The first person I ever gave a Valentine’s Day card to was, unsurprisingly, my mom. I was in kindergarten and it was a primitively cut heart made out of red construction paper. I remember writing something like:
To the best mom,
I love you.
Happy Valentine’s Day.
I gave her a variation of that card every year afterward until she died of breast cancer in 1984.
The second person I ever gave a Valentine’s Day card was Constance Walker. We were the two tallest kids in third grade at P.S. 219 in Brooklyn and shared our snacks during recess. The card had a picture of bears or monkeys on it, I’ve forgotten which. I remember writing something like:
Thank you for all the Oreos.
Would you be my Valentine?
Your friend, Larry Carlat
She said yes. I have no idea what became of her.
The third person I ever gave a Valentine’s Day card was Laura Glass, my first girlfriend. We dated in high school and shared all kinds of fun things (if you get my drift). This card featured two puppies rubbing their noses together. I remember writing something like:
I think about you day and night.
I see your face in all I do.
I don’t know what I’d do without you.
Then she dumped me. Many years later, I’m told, she married a rabbi.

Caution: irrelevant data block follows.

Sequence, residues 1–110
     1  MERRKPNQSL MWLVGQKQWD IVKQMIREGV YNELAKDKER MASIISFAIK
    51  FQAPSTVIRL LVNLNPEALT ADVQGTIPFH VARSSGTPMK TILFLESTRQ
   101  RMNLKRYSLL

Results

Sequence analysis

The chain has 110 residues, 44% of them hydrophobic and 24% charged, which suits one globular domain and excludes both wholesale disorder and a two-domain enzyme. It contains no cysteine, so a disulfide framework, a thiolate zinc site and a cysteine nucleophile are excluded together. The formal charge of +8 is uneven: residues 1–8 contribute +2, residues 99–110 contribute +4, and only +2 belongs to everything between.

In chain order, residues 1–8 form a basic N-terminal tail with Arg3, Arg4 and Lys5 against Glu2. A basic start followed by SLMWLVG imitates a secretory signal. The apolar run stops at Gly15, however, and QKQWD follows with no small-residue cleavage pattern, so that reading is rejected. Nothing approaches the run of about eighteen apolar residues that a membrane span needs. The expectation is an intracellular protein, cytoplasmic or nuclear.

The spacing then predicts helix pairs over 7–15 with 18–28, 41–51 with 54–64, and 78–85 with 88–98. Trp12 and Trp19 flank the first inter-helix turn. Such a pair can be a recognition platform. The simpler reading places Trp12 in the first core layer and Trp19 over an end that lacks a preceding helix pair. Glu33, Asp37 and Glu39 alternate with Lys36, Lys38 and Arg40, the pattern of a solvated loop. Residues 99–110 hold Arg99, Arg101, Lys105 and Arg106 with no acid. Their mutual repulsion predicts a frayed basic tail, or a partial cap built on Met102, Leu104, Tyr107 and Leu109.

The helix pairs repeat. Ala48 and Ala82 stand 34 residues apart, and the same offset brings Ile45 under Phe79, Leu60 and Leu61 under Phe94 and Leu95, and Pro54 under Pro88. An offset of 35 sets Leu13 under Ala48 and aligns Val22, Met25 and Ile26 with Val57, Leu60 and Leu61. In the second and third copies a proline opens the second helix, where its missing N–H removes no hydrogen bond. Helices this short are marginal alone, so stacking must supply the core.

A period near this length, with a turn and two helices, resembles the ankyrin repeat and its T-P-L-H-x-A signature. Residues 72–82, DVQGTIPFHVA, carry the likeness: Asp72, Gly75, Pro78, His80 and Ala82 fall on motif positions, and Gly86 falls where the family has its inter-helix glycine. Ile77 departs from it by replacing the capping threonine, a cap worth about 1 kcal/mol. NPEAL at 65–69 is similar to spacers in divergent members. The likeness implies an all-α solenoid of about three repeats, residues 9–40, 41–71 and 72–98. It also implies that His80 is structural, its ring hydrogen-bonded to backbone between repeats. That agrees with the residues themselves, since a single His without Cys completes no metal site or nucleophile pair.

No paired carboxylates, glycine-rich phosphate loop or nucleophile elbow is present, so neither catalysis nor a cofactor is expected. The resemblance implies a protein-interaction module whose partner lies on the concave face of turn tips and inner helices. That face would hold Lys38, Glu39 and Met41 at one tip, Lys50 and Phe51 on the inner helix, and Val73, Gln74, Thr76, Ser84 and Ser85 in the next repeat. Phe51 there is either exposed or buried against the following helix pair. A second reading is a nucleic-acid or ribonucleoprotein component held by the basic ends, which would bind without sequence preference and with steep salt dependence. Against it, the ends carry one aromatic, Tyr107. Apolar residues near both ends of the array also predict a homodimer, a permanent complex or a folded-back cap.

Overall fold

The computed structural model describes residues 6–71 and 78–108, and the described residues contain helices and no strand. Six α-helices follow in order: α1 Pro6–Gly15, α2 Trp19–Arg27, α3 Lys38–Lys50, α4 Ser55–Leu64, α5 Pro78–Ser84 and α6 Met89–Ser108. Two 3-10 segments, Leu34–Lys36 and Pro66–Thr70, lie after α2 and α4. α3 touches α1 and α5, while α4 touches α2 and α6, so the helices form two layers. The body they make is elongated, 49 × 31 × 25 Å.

The fourth person I ever gave a Valentine’s Day card was my ex-wife, who, at the time, was not yet my wife. We had just moved into our first apartment together in Queens and shared a romantic candlelight dinner. The card was an old black-and-white photo of two children holding hands. I remember writing something like:
I love you with all my heart, babe.
And I always will.
I’ll never love anyone the way I love you.
We were married soon after that. “My Funny Valentine,” coincidentally, was our wedding song. I gave her a variation of that card every year until we divorced in 2011.
The fifth person I ever gave a Valentine’s Day card has not yet received it. She will this evening. I’m not going to tell you what it looks like or what I wrote inside, other than to say I plan to give her a variation of this card every year until I die.
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